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Effect of Maraviroc Intensification on HIV-1-Specific T Cell Immunity in Recently HIV-1-Infected Individuals

  • Ai Kawana-Tachikawa,

    Affiliations Irsicaixa AIDS Research Institute – HIVACAT, Autonomous University of Barcelona, Badalona, Spain, Division of Infectious Diseases, Advanced Clinical Research Center, The Institute of Medical Science, The University of Tokyo, Tokyo, Japan

  • Josep M. Llibre,

    Affiliation Lluita contra la SIDA Foundation, HIV Unit, University Hospital Germans Trias i Pujol, Badalona, UAB, Badalona, Spain

  • Isabel Bravo,

    Affiliation Lluita contra la SIDA Foundation, HIV Unit, University Hospital Germans Trias i Pujol, Badalona, UAB, Badalona, Spain

  • Roser Escrig,

    Affiliation Lluita contra la SIDA Foundation, HIV Unit, University Hospital Germans Trias i Pujol, Badalona, UAB, Badalona, Spain

  • Beatriz Mothe,

    Affiliations Irsicaixa AIDS Research Institute – HIVACAT, Autonomous University of Barcelona, Badalona, Spain, Lluita contra la SIDA Foundation, HIV Unit, University Hospital Germans Trias i Pujol, Badalona, UAB, Badalona, Spain, University of Vic, Vic, Spain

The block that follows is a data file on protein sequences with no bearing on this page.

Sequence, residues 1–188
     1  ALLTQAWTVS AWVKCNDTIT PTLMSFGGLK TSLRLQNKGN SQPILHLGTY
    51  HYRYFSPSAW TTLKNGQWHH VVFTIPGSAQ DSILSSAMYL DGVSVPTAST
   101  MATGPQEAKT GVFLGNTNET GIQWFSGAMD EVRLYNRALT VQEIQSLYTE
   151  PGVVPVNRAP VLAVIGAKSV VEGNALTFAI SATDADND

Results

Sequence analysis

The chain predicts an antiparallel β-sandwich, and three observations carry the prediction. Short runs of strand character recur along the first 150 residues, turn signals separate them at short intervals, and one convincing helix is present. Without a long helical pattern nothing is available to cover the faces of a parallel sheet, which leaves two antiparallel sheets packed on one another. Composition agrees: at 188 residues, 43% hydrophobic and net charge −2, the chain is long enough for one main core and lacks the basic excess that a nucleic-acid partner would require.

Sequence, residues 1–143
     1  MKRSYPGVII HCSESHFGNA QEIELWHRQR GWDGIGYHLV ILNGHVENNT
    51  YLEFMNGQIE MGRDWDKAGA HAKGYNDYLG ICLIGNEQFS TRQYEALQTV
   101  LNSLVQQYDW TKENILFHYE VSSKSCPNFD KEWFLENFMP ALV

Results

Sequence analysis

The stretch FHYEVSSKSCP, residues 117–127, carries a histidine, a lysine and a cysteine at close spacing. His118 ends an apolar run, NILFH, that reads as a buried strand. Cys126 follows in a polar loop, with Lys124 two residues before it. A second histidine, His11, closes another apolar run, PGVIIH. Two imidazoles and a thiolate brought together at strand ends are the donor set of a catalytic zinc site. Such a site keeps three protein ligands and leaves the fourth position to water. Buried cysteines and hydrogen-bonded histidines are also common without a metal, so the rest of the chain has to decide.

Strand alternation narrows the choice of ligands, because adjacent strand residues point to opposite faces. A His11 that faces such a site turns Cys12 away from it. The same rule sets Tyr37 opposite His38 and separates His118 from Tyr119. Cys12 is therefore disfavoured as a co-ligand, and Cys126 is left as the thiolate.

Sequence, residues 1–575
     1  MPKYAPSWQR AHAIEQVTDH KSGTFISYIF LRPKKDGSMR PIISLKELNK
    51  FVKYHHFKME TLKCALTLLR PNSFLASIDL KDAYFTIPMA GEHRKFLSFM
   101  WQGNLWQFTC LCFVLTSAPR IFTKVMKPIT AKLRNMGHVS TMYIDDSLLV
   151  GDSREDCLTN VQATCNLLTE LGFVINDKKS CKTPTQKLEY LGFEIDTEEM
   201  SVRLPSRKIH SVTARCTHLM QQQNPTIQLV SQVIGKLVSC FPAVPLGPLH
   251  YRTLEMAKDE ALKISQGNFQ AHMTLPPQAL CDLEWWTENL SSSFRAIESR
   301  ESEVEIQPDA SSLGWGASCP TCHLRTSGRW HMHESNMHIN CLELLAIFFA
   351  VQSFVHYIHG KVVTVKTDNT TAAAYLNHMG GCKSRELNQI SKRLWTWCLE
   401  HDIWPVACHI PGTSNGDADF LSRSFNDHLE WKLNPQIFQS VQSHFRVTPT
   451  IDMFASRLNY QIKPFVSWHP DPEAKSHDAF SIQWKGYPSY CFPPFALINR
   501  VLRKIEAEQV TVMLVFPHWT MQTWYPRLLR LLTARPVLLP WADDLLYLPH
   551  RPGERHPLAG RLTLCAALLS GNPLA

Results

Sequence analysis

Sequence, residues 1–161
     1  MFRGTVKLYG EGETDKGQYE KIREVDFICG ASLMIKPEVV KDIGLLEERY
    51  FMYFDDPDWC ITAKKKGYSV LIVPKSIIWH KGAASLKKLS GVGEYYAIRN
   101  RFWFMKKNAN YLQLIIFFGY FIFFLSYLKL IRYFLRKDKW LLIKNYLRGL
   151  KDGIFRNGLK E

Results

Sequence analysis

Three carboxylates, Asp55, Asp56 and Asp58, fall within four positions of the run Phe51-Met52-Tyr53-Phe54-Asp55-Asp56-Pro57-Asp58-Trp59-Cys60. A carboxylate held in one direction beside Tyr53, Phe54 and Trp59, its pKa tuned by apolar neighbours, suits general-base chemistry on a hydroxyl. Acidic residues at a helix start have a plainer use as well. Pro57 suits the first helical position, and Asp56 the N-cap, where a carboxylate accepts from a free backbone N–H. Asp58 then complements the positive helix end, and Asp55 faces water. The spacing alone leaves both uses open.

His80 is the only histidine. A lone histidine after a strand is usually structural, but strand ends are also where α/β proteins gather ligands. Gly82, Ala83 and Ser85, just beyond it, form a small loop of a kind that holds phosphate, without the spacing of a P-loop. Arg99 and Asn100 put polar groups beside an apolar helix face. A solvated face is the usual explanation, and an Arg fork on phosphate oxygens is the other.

• Jordi Puig,

    Affiliation Lluita contra la SIDA Foundation, HIV Unit, University Hospital Germans Trias i Pujol, Badalona, UAB, Badalona, Spain

  • Maria C. Puertas,

    Affiliation Irsicaixa AIDS Research Institute – HIVACAT, Autonomous University of Barcelona, Badalona, Spain

  • Javier Martinez-Picado,

    Affiliations Irsicaixa AIDS Research Institute – HIVACAT, Autonomous University of Barcelona, Badalona, Spain, University of Vic, Vic, Spain, Institució Catalana de Recerca i Estudis Avancats (ICREA), Barcelona, Spain

  • Julia Blanco,

    Affiliations Irsicaixa AIDS Research Institute – HIVACAT, Autonomous University of Barcelona, Badalona, Spain, University of Vic, Vic, Spain

  • Christian Manzardo,

    Affiliation Hospital Clínic-IDIBAPS, University of Barcelona, Barcelona, Spain

  • Jose M. Miro,

    Affiliation Hospital Clínic-IDIBAPS, University of Barcelona, Barcelona, Spain